To deliver on its renewable energy promise, India needs more reforms
For many decades now, the world has been waiting with bated breath on the promise of renewables, and with every passing year, the disruptive power of technology is making prices tumble and its economic case so compelling that it may well be possible to imagine a world without fossil fuels, perhaps post 2050. Sumant Sinha, an entrepreneur who set up ReNew Power, has written Fossil Free, a treatise on everything you want to know about renewable energy and didn’t know where to ask.
It is infused with rich data and comparables across countries, along with nuggets on policy prescriptions for the government. Technology is changing so rapidly and with it costs of everything are tumbling, so much so that within five to seven years, the cost of renewables could well be more competitive than the cost of fossil fuel-based energy, and enable the electric vehicle revolution to truly happen.
For critics of the NDA government who feel not much is happening on the economic reforms front, Sinha argues that over the last six years, rules on renewables have been rewritten in India, helping create a practical and achievable roadmap. But he does concede that though substantial progress has been made, reforms are long overdue on distribution, storage policy for evolving battery technologies and ensuring independence to regulators. The government has been trying hard to get Tesla to invest big in India at the highest levels, perhaps even consider establishing a Giga factory, but their focus for now has been on selling cars (which is short-sighted) and perhaps doing R&D here.
The road ahead
Sinha claims that India would need more than half a trillion dollars over the next decade and finding those investments, both debt and equity, is going to be challenging. He says the sector’s capability has to expand across the value chain to grow the industry as a whole. Further, of the top 10 solar cell/ module manufacturers in the world, the majority are in China so to reach Prime Minister Modi’s ambitious goal of 450,000 MW by 2030 of renewables (currently, India has 370,000 MW-odd from all sources of generation), the industry needs to become self-sufficient in module production for which policy clarity is required. Further as the sector grows, Sinha points out that intermittency management and discoms’ financial health will become even more critical for the renewables sector as a whole.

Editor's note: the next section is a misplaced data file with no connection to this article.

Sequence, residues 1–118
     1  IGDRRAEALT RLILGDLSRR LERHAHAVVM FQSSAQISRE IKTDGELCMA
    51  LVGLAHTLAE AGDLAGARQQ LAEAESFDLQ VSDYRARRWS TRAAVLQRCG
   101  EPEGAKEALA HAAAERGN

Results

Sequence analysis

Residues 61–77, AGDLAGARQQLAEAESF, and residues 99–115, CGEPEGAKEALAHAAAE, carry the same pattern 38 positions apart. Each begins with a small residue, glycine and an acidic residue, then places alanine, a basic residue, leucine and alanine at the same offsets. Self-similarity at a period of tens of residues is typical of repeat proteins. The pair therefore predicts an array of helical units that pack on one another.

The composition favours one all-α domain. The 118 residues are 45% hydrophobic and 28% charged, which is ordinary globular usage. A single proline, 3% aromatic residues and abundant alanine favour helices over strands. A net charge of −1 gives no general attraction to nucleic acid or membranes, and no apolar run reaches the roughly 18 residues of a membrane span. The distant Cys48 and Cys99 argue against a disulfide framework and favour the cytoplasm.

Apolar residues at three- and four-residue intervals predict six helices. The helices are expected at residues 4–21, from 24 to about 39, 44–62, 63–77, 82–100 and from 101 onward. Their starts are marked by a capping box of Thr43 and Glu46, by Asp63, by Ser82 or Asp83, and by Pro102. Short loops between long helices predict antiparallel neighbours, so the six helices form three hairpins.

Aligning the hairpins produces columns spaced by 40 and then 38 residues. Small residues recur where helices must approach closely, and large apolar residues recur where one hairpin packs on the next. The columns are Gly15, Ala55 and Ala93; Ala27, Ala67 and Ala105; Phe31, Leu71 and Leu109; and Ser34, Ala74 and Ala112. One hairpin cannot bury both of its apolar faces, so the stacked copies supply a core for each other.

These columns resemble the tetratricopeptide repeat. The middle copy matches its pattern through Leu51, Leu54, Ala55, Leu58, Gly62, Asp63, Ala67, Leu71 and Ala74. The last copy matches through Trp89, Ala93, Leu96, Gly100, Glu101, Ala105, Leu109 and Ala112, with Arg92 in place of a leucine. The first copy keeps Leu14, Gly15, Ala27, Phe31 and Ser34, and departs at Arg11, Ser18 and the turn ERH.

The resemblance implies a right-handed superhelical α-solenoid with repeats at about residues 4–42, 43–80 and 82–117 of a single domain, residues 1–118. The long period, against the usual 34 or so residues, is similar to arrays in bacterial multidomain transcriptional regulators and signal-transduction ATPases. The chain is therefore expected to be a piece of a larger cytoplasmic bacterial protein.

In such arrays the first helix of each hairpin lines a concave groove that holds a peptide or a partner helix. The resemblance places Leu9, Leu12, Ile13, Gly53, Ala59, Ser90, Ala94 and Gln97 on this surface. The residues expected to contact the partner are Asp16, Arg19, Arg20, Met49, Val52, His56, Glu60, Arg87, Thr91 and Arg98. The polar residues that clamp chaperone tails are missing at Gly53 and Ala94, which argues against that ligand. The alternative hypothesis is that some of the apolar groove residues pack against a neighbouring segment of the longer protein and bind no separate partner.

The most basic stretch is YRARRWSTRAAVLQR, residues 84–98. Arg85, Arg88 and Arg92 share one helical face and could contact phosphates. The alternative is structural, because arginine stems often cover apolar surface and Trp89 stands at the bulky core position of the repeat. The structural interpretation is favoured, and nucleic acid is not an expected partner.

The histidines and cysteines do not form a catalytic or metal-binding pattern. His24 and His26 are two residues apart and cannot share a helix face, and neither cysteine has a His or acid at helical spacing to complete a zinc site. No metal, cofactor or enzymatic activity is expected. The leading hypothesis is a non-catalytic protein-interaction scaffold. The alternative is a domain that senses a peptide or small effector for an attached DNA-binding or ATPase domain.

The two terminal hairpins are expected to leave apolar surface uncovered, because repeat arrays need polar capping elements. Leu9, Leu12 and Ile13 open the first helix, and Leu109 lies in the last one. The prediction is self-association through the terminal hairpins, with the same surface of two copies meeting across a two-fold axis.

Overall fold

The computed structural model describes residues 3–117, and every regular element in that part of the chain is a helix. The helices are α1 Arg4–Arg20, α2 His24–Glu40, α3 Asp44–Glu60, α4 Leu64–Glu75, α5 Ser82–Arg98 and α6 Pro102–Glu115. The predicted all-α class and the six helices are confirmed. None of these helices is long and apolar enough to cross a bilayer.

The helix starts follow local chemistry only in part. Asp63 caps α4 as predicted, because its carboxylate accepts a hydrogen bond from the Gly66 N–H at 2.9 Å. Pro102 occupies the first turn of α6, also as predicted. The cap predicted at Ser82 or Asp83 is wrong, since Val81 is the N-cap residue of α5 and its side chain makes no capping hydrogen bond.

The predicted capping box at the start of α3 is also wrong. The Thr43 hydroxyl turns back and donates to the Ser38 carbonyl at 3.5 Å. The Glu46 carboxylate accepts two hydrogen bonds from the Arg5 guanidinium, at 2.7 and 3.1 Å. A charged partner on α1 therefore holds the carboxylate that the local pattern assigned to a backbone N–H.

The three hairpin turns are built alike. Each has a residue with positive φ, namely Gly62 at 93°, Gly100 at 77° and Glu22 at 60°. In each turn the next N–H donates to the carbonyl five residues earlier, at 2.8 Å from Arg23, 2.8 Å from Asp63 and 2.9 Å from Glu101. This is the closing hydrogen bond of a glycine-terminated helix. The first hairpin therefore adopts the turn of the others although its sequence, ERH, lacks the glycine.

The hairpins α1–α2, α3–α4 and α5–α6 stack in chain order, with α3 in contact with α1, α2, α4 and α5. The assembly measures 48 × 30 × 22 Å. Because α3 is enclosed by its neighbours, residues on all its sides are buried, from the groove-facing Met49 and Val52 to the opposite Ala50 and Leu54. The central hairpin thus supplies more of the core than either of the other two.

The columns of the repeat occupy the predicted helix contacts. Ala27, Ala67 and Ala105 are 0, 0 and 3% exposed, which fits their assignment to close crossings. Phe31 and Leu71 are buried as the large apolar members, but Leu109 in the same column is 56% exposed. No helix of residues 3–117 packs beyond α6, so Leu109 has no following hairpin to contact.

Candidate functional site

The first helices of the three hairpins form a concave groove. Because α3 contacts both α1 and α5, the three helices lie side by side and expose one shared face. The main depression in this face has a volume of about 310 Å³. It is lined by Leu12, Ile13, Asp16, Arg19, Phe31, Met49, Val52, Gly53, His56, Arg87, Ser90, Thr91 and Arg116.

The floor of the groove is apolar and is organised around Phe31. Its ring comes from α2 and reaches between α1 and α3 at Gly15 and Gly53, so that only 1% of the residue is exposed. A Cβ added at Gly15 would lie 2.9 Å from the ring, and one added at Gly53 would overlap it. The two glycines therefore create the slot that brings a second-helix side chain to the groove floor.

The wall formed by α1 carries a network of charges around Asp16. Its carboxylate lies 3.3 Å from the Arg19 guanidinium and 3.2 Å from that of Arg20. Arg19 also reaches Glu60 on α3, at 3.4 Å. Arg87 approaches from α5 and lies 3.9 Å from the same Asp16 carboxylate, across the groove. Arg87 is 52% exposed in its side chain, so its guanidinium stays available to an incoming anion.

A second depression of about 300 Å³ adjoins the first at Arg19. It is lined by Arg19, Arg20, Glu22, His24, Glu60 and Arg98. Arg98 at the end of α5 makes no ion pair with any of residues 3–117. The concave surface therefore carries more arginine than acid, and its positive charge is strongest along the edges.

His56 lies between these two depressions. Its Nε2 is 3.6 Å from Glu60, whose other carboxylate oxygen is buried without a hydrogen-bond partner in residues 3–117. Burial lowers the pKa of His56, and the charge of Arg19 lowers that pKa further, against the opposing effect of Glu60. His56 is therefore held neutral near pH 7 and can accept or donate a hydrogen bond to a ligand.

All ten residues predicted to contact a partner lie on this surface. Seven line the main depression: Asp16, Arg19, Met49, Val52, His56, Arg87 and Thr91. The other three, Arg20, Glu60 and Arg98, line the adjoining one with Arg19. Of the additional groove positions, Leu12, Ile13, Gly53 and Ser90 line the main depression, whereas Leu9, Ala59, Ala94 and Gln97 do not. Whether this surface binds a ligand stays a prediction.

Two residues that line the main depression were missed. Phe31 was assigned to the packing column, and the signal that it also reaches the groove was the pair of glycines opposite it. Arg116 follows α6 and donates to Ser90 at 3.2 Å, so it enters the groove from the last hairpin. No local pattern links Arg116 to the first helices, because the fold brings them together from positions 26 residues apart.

It is ironical that a power deficit country like India has not attracted enough capital into the renewable sector to build any global giant, even though every major industrial house has tried its hand at it. Strangely, ReNew has struggled with its IPO plans, despite having blue-chip global investors, though going by Sinha’s arguments the sector shows remarkable promise both in India and globally.
Fossil Free is a cogent book that makes a compelling case for energy transition in India for a carbon-light economic growth strategy. India can well become the global leader in this transition and Sinha’s rich insights and policy prescriptions are a good guideline for governments to follow in this journey ahead.
Fossil Free: Reimagining Clean Energy in a Carbon-Constrained World; Sumant Sinha, HarperCollins, ₹699.
Source: The Hindu